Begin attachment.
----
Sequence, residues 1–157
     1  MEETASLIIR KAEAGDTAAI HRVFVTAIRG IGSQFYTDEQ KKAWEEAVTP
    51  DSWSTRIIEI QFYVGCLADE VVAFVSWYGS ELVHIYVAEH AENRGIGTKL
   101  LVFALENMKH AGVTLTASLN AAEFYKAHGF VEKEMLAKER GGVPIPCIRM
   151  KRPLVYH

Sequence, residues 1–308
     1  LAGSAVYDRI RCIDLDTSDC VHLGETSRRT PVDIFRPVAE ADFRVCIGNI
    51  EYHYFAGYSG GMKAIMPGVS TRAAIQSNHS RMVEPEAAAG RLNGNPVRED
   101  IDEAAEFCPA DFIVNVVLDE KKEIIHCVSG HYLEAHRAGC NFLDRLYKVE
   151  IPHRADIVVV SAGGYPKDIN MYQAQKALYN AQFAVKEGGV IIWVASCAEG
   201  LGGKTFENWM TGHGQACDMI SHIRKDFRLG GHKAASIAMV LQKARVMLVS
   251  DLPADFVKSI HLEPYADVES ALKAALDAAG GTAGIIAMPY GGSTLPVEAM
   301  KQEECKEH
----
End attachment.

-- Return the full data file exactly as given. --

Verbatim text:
Sequence, residues 1–157
     1  MEETASLIIR KAEAGDTAAI HRVFVTAIRG IGSQFYTDEQ KKAWEEAVTP
    51  DSWSTRIIEI QFYVGCLADE VVAFVSWYGS ELVHIYVAEH AENRGIGTKL
   101  LVFALENMKH AGVTLTASLN AAEFYKAHGF VEKEMLAKER GGVPIPCIRM
   151  KRPLVYH

Sequence, residues 1–308
     1  LAGSAVYDRI RCIDLDTSDC VHLGETSRRT PVDIFRPVAE ADFRVCIGNI
    51  EYHYFAGYSG GMKAIMPGVS TRAAIQSNHS RMVEPEAAAG RLNGNPVRED
   101  IDEAAEFCPA DFIVNVVLDE KKEIIHCVSG HYLEAHRAGC NFLDRLYKVE
   151  IPHRADIVVV SAGGYPKDIN MYQAQKALYN AQFAVKEGGV IIWVASCAEG
   201  LGGKTFENWM TGHGQACDMI SHIRKDFRLG GHKAASIAMV LQKARVMLVS
   251  DLPADFVKSI HLEPYADVES ALKAALDAAG GTAGIIAMPY GGSTLPVEAM
   301  KQEECKEH